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From Benson Margulies <>
Subject Re: Binary dependencies in source releases (Was: [VOTE] Release ManifoldCF 0.5-incubating, RC0)
Date Wed, 28 Mar 2012 12:39:22 GMT

Of course you, personally, can't be expected to supervise all projects
or fix all documentation. At the same time, there's something a little
depressing about the situation. On the one hand, the principle at work
here is, to paraphrase you, absolutely central to the defined mission
of the Foundation. On the other hand, over all these years, the
Foundation has apparently failed to do two things: to find a way to
document this so clearly that no member, let alone PMC chair let alone
committer could miss it; and to supervise projects sufficiently to
detect divergence. The board can read reports all year long and never
discover that someone has drifted off the rails here.

None of this, however, is what I really want to write about. Consider
me in the role of a PMC member voting on a release with external
dependencies, not included (of course) in the bundle. What do I do?
Well, I fetch the dependency. In source? In binary? From where? And
how do I ensure that I get exactly the same thing that the next voter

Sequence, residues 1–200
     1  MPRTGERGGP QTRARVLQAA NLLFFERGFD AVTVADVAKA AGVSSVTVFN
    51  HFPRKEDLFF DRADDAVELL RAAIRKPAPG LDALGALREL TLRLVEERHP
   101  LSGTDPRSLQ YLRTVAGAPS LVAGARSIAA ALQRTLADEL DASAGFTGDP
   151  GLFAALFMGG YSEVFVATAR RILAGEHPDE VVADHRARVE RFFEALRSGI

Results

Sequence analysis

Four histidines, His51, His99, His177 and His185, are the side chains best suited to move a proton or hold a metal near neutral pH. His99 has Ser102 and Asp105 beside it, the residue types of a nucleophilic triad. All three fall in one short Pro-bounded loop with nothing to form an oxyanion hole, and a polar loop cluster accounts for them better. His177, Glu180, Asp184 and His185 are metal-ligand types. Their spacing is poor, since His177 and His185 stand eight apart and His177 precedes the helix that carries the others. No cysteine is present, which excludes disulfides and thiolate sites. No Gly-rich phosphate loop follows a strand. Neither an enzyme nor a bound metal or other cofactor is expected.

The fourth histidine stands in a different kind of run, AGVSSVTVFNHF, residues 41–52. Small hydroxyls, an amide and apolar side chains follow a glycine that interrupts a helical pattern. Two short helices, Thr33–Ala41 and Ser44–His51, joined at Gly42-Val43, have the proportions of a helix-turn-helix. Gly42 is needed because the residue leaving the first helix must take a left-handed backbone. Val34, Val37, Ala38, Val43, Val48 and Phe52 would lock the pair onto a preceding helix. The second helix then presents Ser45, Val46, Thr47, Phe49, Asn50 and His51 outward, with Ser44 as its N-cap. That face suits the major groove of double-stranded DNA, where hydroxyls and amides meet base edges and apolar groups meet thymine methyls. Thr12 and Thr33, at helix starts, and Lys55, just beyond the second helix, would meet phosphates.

over gets? If the build automatically downloads, I don't appear to
have this problem, but, really, what do I know about what that
download is downloading? This all boils down to the semantics of the
vote. All I can really do is attest that the sources are legitimate
Apache sources, and that I was able to build and run something using
*some version of some dependencies*. Is this really good enough? In
our role as serving the public good, is this giving the user community
enough information?

Consider the following thought experiment: what if projects bundled up
their binary dependencies into an archive with a manifest file that
described their provenance, signed them, and put them someplace?
Someplace not 'inside a release'. Then, the source release would be
aligned with a particular, reproducible, version of its dependencies.

If this is still completely unacceptable, the logic seems to lead
inexorable to dealing in Other People's Sources: capturing a snapshot
of their sources so as to be able to state, unequivocally, what the
dependencies are.

Maybe all this reads as pointless quibbling and no one cares about it.
I have another issues to raise, however: the gap between public
perception of Apache releases and legal reality.

When AOO releases, soon, a giant flood of *binary packages* will move
out onto the mirrors. Accompanied, yes, by a source release. Formally,
legally, the only real release is the source package. Realistically,
no end users will touch it. From their point of view, the thing with
the Apache seal of approval that they will trust, download, and
install will be a binary. AOO isn't unique, but it's the starkest
example, because of it's end-user focus. I feel a little bit
disingenuous, in our role as a public charity, about the disparity
between the public perception that we're releasing binary packages and
the facts.

This strikes me, in unhelpful retrospect, as an issue that the board
or membership should have taken up as part of accepting AOO. I don't
have a proposed solution; please don't mistake me for proposing to
tamper with the fundamental 'releases are source' principle. But I
think that something here does not fit.

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